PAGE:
Stack Overflow is a community of 4.7 million programmers, just like you, helping each other.

Join them; it only takes a minute:

Sign up
Join the Stack Overflow community to:
  1. Ask programming questions
  2. Answer and help your peers
  3. Get recognized for your expertise

I've looked at this post which addresses how to loop over arrays that aren't zero-based using the boost::multi_array::origin() function, but that only creates a single loop.

How does one traverse each dimension of a multi_array, for example:

for(index i = <origin of dim 1>; ...) {
   for(index j = <origin of dim 2>; ...) {
      for(index k = <origin of dim 3>; ...) {
         myArray[i][j][k] = <something>;
      }
   }
}

when given an array where both upper and lower bounds are unknown?

share|improve this question
up vote 5 down vote accepted

The index_bases member function returns a container with each dimension's index base. The shape member function returns a container with each dimension's extent (size). You can use both of these to determine the range of indices for each dimension:

typedef boost::multi_array<int, 3> array_type;

void printArray(const array_type& a)
{
    // Query extents of each array dimension
    index iMin = a.index_bases()[0];
    index iMax = iMin + a.shape()[0] - 1;
    index jMin = a.index_bases()[1];
    index jMax = jMin + a.shape()[1] - 1;
    index kMin = a.index_bases()[2];
    index kMax = kMin + a.shape()[2] - 1;

    for (index i=iMin; i<=iMax; ++i)
    {
        for (index j=jMin; j<=jMax; ++j)
        {
            for (index k=kMin; k<=kMax; ++k)
            {
                std::cout << a[i][j][k] << " ";
            }
        }
    }
}

int main()
{
    typedef array_type::extent_range range;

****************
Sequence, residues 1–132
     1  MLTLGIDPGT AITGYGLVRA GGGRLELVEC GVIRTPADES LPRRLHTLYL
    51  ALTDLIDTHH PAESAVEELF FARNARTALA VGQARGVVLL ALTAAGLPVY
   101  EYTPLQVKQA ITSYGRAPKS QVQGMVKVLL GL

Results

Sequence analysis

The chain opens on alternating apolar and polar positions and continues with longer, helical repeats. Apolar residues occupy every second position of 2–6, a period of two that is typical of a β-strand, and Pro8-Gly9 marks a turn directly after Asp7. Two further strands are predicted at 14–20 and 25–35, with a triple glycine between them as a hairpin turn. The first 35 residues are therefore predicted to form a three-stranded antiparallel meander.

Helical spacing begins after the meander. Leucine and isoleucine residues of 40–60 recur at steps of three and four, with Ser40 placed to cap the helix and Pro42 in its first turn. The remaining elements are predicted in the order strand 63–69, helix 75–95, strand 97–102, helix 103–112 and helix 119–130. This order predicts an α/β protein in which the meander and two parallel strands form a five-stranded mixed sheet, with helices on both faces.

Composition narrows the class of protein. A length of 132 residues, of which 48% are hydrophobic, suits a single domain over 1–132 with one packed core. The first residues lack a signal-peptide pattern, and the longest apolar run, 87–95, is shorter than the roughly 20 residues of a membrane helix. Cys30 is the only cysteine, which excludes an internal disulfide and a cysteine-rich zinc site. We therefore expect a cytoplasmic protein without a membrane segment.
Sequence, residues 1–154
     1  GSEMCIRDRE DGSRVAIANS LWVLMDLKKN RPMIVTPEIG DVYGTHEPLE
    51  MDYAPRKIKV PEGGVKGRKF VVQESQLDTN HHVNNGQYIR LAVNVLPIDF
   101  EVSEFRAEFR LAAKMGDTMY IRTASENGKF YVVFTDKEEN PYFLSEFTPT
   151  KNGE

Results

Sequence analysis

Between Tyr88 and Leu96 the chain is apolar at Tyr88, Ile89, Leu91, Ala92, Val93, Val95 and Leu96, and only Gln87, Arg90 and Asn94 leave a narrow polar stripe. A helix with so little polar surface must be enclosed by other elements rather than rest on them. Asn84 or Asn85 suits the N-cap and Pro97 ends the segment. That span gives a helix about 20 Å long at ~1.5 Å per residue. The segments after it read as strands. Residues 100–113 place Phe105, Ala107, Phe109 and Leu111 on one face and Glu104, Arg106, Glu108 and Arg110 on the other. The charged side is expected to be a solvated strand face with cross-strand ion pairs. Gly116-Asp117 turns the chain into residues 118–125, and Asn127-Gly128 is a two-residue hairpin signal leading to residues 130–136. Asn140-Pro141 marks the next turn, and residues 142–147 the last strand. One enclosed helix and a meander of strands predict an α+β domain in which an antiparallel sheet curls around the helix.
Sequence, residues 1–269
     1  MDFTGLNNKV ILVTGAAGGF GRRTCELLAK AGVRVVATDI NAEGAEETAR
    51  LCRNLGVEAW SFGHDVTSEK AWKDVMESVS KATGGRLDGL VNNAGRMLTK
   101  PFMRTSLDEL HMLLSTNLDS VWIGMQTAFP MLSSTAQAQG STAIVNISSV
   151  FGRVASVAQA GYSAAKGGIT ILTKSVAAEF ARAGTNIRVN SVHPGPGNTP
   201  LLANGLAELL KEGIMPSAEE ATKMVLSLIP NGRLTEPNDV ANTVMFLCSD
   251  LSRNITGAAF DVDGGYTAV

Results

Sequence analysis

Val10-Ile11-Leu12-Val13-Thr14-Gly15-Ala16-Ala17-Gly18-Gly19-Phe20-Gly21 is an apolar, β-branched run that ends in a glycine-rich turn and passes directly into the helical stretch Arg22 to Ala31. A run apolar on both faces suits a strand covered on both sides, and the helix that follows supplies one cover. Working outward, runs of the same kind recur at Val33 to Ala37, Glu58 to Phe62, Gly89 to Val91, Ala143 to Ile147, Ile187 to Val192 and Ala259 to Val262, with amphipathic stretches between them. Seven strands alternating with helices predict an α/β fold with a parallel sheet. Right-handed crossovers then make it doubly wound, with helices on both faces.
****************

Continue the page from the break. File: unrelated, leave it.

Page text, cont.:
typedef array_type::index index;
    array_type::extent_gen extents;

    // Extents are hard-coded here, but can come from user/disk.
    array_type a(extents[2][range(1,4)][range(-1,3)]);

    // Populate array with values...

    // Pass the array to a function. The function will query
    // the extents of the given array.
    print(a);

    return 0;
}
share|improve this answer
1  
but this requires that you know the dimension of the array at the time you are writing the code, losing most of the genericity of multi_array. – David Doria Apr 7 at 19:29
    
@DavidDoria, in A(extents[2][range(1,4)][range(-1,3)]), you can replace the hard-coded dimension values with whatever you like, be it values loaded from disk or input from the user. I had hard-coded the numbers for the sake of simplifying the example. – Emile Cormier Apr 7 at 20:09
    
Re-arranged example to better illustrate how the dimension extents are being queried outside of where the array was initialized. – Emile Cormier Apr 7 at 20:21
    
But you still are listing iMin, jMin, kMin... What do you do if printArray doesn't know that array_type is 3D? – David Doria Apr 7 at 20:23

Your Answer

 
discard

By posting your answer, you agree to the privacy policy and terms of service.

Not the answer you're looking for? Browse other questions tagged or ask your own question.